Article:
In the late 1960’s, a dedicated group teachers of the Sisters of St. Joseph/Boston began reaching out to disaffected, troubled, and often drug-involved youth on the Boston Common and Harvard Square, which had become gathering places for young people who had no place else to go. Many of these youth had run away from abusive situations at home, others had been kicked out by their parents, and many were being exploited and abused, sexually, physically, and financially by people they met on the street. These Sisters were among the first to recognize and respond to the growing population of homeless youth, a phenomenon which was to grow into a national issue. Collaborating with a group of physicians from Massachusetts General Hospital, Bridge organized a volunteer-run, mobile medical van to bring emergency and preventive health care to the streets. They were on the forefront of a national movement to develop innovative programs and practices to reach the most vulnerable, high-risk youth and provide the age-appropriate continuum of care that could enable them to transform their lives and grow into fulfilled, self-sufficient adulthood. Bridge Over Troubled Waters became–and after more than 47 years remains–a national model and program incubator for youth development services.
What does the public need to know about bridge over troubled waters and the work that you do?
Last year’s results of the Massachusetts homeless youth survey, released this March, counted almost 2,000 young people who matched the State’s criteria for homeless youth. Of those, almost 15% stayed outside, in a car, an abandoned building, a bus station, or other 24-hour business entranceways. The majority stayed in an adult homeless shelter; most stayed outside or places not meant for human habitation. At least 14% had exchanged sex for money. For this year’s youth count, conducted in May, Bridge’s staff and youth ambassadors, collected over 400 unduplicated surveys in Boston alone, doubled the number collected last year. From 2015 to 2016, the number of homeless youth identified in the State increased by 19.4%. As with national homeless youth counts, efforts to count homeless youth locally almost always result in under-counting, yet improved methods and increased support have led to better data. Bridge serves approximately 3,000 youth every year. Bridge’s Street Outreach Workers interact with over 1,000 youth each year. Bridge serves the Cities of Boston and Cambridge, MA; and is the only provider of comprehensive services for homeless youth, including youth outside of the child welfare, juvenile justice, or other government systems.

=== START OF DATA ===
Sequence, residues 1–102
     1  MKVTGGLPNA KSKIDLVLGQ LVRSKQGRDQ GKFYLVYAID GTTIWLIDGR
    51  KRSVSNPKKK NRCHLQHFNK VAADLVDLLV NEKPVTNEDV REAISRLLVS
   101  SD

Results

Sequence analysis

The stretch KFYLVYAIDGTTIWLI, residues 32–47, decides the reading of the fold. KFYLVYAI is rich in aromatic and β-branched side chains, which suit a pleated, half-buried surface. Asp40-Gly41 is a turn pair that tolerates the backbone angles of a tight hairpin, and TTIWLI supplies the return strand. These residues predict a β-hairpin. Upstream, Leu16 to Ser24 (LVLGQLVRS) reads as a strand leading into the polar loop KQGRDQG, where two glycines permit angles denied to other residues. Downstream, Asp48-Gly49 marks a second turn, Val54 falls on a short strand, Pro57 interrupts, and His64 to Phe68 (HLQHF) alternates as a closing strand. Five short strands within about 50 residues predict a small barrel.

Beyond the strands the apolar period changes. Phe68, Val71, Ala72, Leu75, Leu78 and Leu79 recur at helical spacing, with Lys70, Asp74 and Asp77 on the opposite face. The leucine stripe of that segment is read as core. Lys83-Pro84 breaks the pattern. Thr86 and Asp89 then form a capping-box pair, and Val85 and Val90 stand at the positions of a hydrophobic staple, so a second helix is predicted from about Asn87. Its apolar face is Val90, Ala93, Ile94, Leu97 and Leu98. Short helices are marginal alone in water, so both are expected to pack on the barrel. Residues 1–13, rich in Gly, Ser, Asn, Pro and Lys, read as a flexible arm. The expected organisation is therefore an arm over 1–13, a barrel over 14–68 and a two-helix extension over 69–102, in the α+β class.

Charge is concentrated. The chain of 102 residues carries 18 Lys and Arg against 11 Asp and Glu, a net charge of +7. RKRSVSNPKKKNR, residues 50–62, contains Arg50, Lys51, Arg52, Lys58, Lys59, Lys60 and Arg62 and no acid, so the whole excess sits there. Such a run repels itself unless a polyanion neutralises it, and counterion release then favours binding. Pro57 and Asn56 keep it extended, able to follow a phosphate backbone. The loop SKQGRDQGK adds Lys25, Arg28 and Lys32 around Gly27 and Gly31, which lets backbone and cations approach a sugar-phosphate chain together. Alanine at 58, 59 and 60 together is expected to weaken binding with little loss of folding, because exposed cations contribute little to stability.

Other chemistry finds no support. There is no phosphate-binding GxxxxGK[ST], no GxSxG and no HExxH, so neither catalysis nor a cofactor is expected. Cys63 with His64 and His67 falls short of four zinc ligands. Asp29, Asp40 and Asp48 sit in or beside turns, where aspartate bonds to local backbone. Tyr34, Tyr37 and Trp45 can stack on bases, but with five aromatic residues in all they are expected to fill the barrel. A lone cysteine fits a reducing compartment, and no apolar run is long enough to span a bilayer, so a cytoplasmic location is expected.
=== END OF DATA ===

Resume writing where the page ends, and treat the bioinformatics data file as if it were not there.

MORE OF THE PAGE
What impacts has your organization made in your community that make you proud to be a part of bridge over troubled waters?
For homeless youth, the need for safe, affordable housing is of the utmost importance. That is why Bridge has moved forward with new housing initiatives, which can provide housing and prevent long-term homelessness for over 100 youth at risk each year.
· The renovation and expansion of our Transitional Living Program and Single Parent House programs, which began last year, is just about complete, with added bedrooms, new counseling and community spaces, updated systems, handicapped accessibility and safety features.
· We opened a new Bridge residence for young people aging out of foster care – a population of youth at extremely high risk for homelessness, and also began the only rapid rehousing program in Boston for homeless youth, providing immediate access to apartments for the most vulnerable youth, along with case management and stabilization services to enable them to stay housed.
· Our street outreach and Transitional Day Program (TDP) drop-in center also have been expanded. We’re now on the streets from early morning until late evening, to reach more youth and help them gain motivation and believe in themselves and their futures. The TDP now offers workshops on Cooking, Arts & Crafts, Conflict Resolution, Mindfulness, and Coping Skills. A Youth Advisory Board gives participants a voice for feedback and ideas for new services.
What areas of growth do you see for your program in the year ahead?
These investments in Bridge and the youth we serve are made possible by contributions from donors like the Doe Family Foundation. There is so much more that needs to be done to end long-term homelessness among youth who never received the nurturing support they deserved while growing up. In the future, we hope to re-establish our innovative “Co-op Apartments” for youth who need extra time and support to finish their educations and reach longer-term goals by purchasing a multifamily residence in one of Boston’s neighborhoods.